The first quarter of this book is junk. It's a review of moldy pseudoscience about theories of four - four humours, four elements, four seasons, four temperaments, four phases of life. It has little or nothing to do with the central premise that there is a four generation cycle of behavior in Angle-American society - all you have to do to justify the length of this cycle to me is to point out that the normal death from old age occurs about four generations after birth. After the authors finish with the above nonsense, they get into actually detailing the different cycles, and the subsections of each. There have been seven cycles since the 1400s, and each cycle has four subsections called Turnings, each corresponding to a particular constellation of generations. There are four kinds of generations and they always appear in the same order (except for once!): Hero, Artist, Prophet, and Nomad. There are therefore four Turnings: High, Awakening, Unraveling, and Crisis. The social environment (constellation of generations) determines the values and behavior of each new generation, which influences the future generations, so the cycles keep rolling. The theory is not deterministic - it does not predict what events will happen - it only tries to predict how Americans will respond to events that inevitably occur. This makes a lot of intuitive sense to me and the authors present a lot of evidence to back up their assertions. However, I have not looked for criticisms of their work or know enough about the history of social movements to say whether there is substantial counter evidence. The book was written in 1997, and it is interesting to read how the authors feel the Silent (b. 1925-1942, Artist), Boom (b. 1943-1960, Prophet), Thirteenth (b. 1961-1981, Nomad), and Millennial (b. 1982-200?, Hero) generations would develop over the next decade (that is, the last decade from where we sit), before the Crisis catalyst arrived somewhere around 2005. To me, it seems like they miss the mark. Maybe I don't have a good grasp of what's really going on outside my own experience, maybe they were wrong, or maybe the Crisis started earlier than they expected (say, September 2001). Missed predictions aside, they seem to get a lot of the general feeling of American society right. All in all, interesting to think about.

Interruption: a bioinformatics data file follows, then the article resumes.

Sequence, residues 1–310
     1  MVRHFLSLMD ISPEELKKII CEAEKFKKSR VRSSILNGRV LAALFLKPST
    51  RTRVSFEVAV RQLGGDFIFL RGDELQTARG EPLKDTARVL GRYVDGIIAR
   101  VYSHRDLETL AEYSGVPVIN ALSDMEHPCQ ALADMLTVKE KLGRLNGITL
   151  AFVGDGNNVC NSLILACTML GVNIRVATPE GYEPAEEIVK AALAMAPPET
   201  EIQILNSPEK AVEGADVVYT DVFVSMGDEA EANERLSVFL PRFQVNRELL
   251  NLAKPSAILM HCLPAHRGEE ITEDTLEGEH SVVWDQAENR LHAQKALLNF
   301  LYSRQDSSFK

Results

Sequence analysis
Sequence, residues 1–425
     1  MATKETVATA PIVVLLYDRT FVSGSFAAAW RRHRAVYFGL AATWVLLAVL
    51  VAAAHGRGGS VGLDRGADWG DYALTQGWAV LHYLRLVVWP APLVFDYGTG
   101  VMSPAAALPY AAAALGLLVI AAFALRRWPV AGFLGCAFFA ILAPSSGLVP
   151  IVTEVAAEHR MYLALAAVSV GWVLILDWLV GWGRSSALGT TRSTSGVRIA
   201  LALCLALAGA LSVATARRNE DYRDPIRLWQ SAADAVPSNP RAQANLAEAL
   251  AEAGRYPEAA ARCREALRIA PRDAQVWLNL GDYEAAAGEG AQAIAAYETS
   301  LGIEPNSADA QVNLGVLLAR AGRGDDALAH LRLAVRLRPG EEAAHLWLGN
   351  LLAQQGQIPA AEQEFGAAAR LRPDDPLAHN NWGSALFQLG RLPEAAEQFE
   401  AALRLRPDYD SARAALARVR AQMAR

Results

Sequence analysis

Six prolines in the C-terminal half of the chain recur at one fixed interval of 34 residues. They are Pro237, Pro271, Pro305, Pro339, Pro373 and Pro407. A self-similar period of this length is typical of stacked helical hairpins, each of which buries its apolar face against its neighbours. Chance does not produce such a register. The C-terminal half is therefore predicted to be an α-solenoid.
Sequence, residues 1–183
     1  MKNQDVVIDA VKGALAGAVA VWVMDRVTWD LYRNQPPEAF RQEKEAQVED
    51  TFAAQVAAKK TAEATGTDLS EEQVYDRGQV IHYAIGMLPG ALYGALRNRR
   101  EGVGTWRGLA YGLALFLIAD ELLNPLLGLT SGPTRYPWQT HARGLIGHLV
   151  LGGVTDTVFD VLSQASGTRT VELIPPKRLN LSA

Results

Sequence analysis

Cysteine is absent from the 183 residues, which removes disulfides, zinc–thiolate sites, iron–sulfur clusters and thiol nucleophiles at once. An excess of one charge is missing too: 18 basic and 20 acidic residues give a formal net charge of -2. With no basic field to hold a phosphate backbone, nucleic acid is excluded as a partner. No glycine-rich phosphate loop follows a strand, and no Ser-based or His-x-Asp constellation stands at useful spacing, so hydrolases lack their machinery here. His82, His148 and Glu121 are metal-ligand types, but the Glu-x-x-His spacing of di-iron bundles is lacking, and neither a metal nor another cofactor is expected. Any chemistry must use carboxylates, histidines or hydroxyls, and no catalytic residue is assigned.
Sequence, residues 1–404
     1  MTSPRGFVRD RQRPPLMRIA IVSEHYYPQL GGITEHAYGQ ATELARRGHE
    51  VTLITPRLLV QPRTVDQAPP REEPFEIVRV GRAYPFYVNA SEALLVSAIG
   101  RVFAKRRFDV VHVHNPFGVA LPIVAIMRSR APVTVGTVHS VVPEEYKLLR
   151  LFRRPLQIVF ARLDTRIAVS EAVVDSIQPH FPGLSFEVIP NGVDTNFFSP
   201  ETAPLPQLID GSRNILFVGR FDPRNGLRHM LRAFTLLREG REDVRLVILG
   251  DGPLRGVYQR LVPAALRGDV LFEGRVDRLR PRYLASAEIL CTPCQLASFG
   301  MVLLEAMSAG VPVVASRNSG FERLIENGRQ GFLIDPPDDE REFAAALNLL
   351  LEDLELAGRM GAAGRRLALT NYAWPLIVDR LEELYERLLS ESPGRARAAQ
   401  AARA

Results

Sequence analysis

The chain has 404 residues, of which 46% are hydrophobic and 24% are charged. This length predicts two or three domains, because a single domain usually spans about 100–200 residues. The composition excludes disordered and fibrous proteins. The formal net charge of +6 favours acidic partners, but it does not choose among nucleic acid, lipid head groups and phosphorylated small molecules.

by John at 12/07/2006 09:14:00 AM

What's that sound? That's the sound of me not banging my head against a wall anymore.
Legislators may reconsider suspending habeas corpus for detainees
By Lesley Clark and Margaret Talev
McClatchy Newspapers

WASHINGTON - President Bush's victory in getting the rules he wanted to try suspected terrorists could be diminished.

The Military Commissions Act of 2006, which Bush signed into law in October, prevents detainees who aren't U.S. citizens from challenging their detentions in civilian courts. But Senate Judiciary Committee Chairman Arlen Specter, R-Pa., who voted for the legislation despite his opposition to stripping such rights from detainees, on Tuesday reintroduced legislation to restore those rights. A similar measure sponsored by Specter failed by three votes in October.

In a speech on the Senate floor, Specter said he was reintroducing the issue to prevent federal courts from striking down the legislation, which some of the detainees' attorneys have challenged.

But some lawmakers privately speculated that Specter may have decided to reintroduce the legislation after a recent article in the New Yorker magazine suggested that his desire to retain his powerful committee chairmanship led him to go along with the administration's wishes.

Specter on Tuesday repeated his contention that the act violates the Constitution.

"The Constitution of the United States is explicit that habeas corpus may be suspended only in time of rebellion or invasion," Specter said on the floor. "We are suffering neither of those alternatives at the present time. We have not been invaded, and there has not been a rebellion. That much is conceded."

His co-sponsor, Sen. Patrick Leahy, D-Vt., who'll become chairman of the Judiciary Committee when the Democrats take over in January, noted that the effort to secure habeas appeals for all detainees failed by only three votes.

"Since then, the American people have spoken against the administration's stay- the-course approach to national security and against a rubber-stamp Congress that accommodated this administration's efforts to grab more and more power," Leahy said. "Abolishing habeas corpus for anyone who the government thinks might have assisted enemies of the United States is unnecessary and morally wrong. It is a betrayal of the most basic values of freedom for which America stands."



by John at 12/02/2006 08:34:00 PM

More new Elias photos starting here